Restoration of the Fallen

Galatians 6:1-10

Dr. S. Lewis Johnson expounds what the Apostle Paul sets forth as evidences of Spirit-led Christian liberty.

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[Message] We turn again to Galatians chapter 6 and we are reading verses 1 through 10 for the Scripture reading this morning. Galatians chapter 6, verse 1 through verse 10.

The apostle has just been speaking about walking by the Spirit and now he gives some of the details of the life that is by the Spirit,

“Brethren, (he writes in Galatians 6:1) if a man be overtaken in a fault, ye who are spiritual, restore such an one in the spirit of meekness; considering thyself, lest thou also be tempted. Bear ye one another’s burdens, and so fulfil the law of Christ. For if a man think himself to be something, when he is nothing, he deceiveth himself. But let every man prove his own work, and then shall he have rejoicing in himself alone, and not in another. For every man shall bear his own burden. Let him that is taught in the word share with him that teacheth in all good things. Be not deceived; God is not mocked: for whatever a man soweth, that shall he also reap. For he that soweth to his flesh shall of the flesh reap corruption; but he that soweth to the Spirit shall of the Spirit reap life everlasting. And let us not be weary in well doing: for in due season we shall reap, if we faint not. As we have therefore opportunity, let us do good unto all men, especially unto them who are of the household of faith.”

May the Lord bless this reading of his word. Let’s bow together in prayer.

[Prayer] Father, we thank Thee and we praise Thee today, this beautiful day, for the gospel of the Lord Jesus Christ which has gone forth throughout the whole world. Not only the world of the Jews, but also the Gentiles. And we thank Thee that we have been by Thy grace the recipients of the saving message of the Lord Jesus Christ. And we thank Thee, too, for the encouragement that we receive when we read the apostles exclaiming of the glories of our Lord and Savior Jesus Christ and of the suitability of the word of God for our needs.

And we thank Thee, Lord, that it is suitable for us in our lost condition to give us the hope of eternal life through Jesus Christ. And we thank Thee, too, that the word of God is sufficient for all of our daily life as well, whether young or old. The gospel, the word of truth, the grace of God, is sufficient for us. In our school, in our business, in our home life, nothing is more suitable for us than the divine inspired word. Help us, Lord, to remember this and may by Thy grace we be enable through the Spirit to live accordingly.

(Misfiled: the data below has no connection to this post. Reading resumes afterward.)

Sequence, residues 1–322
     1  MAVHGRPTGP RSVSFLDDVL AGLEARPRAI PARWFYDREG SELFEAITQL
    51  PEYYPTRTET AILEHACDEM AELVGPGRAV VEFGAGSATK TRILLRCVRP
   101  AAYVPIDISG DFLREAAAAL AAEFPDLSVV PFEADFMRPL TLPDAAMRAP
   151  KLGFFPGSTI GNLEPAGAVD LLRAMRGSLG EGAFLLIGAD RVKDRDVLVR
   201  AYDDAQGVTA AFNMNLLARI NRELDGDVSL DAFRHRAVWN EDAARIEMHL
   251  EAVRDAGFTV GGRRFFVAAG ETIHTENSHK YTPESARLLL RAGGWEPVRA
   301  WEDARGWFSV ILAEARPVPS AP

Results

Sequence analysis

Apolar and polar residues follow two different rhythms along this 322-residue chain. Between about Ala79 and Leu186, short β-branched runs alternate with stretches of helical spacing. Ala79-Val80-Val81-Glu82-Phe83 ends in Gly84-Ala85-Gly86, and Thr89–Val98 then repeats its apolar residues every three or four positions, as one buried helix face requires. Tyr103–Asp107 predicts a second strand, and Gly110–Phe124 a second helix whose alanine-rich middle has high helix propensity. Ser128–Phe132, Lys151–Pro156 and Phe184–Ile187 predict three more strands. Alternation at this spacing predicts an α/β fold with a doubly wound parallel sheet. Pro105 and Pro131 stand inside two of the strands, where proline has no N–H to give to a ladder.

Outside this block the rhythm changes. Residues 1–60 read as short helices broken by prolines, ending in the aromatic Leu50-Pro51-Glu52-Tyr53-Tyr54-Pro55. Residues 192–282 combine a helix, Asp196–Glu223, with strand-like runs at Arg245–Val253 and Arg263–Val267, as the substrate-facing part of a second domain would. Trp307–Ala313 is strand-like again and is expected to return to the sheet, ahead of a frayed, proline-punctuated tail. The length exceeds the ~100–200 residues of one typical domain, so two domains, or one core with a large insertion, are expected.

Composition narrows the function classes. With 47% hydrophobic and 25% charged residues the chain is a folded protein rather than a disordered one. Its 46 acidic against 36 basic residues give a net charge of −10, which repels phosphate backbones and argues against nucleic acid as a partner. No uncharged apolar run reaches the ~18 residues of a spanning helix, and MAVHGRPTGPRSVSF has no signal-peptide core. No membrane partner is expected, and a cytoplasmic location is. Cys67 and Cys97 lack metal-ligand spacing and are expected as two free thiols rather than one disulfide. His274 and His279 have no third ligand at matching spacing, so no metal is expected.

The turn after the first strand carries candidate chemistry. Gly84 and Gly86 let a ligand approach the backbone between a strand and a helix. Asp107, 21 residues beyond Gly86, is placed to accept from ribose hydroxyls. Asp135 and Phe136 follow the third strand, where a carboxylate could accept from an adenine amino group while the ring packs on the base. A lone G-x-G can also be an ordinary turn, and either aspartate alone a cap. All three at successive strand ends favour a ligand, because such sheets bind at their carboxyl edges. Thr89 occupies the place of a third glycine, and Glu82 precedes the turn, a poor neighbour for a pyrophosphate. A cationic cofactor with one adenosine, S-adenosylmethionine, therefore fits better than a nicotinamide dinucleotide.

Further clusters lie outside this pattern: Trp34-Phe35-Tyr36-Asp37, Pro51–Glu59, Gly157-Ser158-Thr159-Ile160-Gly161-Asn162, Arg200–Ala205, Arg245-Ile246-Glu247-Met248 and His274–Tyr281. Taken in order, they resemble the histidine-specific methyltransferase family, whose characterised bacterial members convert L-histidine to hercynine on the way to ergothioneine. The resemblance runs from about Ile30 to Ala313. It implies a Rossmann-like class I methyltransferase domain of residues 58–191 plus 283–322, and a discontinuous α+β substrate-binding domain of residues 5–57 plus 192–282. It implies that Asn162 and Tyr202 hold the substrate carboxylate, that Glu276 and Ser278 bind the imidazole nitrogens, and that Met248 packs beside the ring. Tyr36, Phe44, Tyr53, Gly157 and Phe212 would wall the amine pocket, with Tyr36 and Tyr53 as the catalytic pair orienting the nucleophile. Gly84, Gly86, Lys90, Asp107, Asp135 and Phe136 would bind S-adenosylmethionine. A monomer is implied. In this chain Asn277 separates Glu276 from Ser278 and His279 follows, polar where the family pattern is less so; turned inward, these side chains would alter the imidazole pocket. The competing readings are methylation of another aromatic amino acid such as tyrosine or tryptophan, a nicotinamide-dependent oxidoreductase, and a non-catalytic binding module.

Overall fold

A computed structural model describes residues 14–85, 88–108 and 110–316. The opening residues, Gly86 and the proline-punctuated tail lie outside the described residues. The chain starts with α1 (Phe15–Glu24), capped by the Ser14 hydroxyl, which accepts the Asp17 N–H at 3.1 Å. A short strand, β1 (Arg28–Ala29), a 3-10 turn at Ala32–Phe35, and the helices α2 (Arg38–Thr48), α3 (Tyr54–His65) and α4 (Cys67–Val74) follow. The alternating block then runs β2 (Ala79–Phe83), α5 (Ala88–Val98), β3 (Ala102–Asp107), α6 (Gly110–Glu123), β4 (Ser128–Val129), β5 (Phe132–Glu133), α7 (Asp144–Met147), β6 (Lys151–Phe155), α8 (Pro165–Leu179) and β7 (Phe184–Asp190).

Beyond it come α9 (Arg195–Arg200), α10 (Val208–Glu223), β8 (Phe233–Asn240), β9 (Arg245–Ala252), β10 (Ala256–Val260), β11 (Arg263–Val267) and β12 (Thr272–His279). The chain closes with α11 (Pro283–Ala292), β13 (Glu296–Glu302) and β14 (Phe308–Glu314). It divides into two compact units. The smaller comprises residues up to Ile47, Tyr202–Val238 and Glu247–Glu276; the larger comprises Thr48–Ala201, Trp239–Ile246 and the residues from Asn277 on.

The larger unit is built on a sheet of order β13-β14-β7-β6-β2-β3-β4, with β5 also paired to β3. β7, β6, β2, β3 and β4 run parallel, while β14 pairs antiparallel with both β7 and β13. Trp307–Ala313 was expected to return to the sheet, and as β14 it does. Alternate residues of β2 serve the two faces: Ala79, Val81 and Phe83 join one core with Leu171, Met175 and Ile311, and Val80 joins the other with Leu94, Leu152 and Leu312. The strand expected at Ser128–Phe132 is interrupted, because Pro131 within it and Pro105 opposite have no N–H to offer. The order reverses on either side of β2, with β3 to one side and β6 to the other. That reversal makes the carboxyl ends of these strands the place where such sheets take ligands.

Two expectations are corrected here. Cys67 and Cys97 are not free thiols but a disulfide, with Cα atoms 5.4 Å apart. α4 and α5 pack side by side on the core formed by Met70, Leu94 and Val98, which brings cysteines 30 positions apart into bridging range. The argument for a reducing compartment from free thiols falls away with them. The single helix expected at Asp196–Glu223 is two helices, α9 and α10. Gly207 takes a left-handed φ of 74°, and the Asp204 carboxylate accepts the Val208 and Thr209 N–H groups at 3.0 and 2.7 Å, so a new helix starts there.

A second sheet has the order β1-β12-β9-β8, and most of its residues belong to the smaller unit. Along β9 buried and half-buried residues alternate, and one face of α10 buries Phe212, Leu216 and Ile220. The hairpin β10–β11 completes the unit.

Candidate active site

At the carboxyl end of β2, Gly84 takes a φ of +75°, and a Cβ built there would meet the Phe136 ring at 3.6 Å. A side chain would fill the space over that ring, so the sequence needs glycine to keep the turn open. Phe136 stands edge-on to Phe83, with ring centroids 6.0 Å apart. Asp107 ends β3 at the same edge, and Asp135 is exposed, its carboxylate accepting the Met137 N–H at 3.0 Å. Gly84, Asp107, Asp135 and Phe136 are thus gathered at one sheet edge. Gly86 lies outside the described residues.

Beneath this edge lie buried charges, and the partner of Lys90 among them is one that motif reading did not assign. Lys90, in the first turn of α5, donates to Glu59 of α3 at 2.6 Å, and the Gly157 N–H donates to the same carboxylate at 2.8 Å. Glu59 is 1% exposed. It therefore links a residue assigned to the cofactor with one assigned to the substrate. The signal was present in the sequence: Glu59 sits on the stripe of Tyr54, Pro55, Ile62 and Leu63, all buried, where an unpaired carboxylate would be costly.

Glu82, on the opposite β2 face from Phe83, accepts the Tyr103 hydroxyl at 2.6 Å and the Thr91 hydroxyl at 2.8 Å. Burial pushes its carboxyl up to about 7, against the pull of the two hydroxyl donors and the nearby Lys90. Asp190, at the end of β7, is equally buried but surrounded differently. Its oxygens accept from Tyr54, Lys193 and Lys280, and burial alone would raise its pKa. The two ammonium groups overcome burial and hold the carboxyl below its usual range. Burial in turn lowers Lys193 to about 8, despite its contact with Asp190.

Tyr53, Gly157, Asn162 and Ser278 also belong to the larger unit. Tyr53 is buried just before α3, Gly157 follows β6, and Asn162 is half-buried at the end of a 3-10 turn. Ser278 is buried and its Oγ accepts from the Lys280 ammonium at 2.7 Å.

We thank Thee for the day in which we live and for the privilege of proclaiming the gospel of Christ. We ask, Lord, Thy blessing upon this assembly of believers, and friends, and visitors here. May the ministry of the word of God be rich in their lives today, and for all of the ministry of the Chapel, its radio ministry, its publications, especially the taped ministry which goes out so far over this globe. We pray, Lord, Thy blessing upon it. May it bring forth fruit to the glory of Thy name.

We thank Thee and praise Thee for the country in which we live and we give Thee thanks for our governments. We pray, Lord, Thy blessing upon our President and others who serve us in this way. By Thy grace, Lord, give us the kind of freedom constantly in which the gospel may run and have free course.

Now Father, as we meet today in the Sunday school and the ministry of the word around the Lord’s table, may we experience a time of true ministry and communion that glorifies Thy name and builds us up in our faith. For Jesus’ sake. Amen.

[Message] This morning we are turning to Galatians chapter 6 and spending most of our time discussing the Restoration of the Fallen. A simple summary of the Epistle to the Galatians might be expressed in this way; because we are sons, we are free. And because we are brothers, we are in bondage. We are free from the law as a means of justification. And we are free from a combination of law and grace. We are not justified by the grace of God and Jesus Christ plus some other work. For example, the apostle states in chapter 2, in verse 21, “If righteousness should come by the law, then Christ died in vain.” To add to the finished work of the Lord Jesus Christ is to express in an indirect way the fact that his death was insufficient for our sins. It is to say in effect we do not think that he did at all. We are also free from the law for sanctification. Sanctification is accomplished by the Holy Spirit and the lives of believers. And while the life that he produces does not violate the Law of Moses, we are not under the Law of Moses as a code.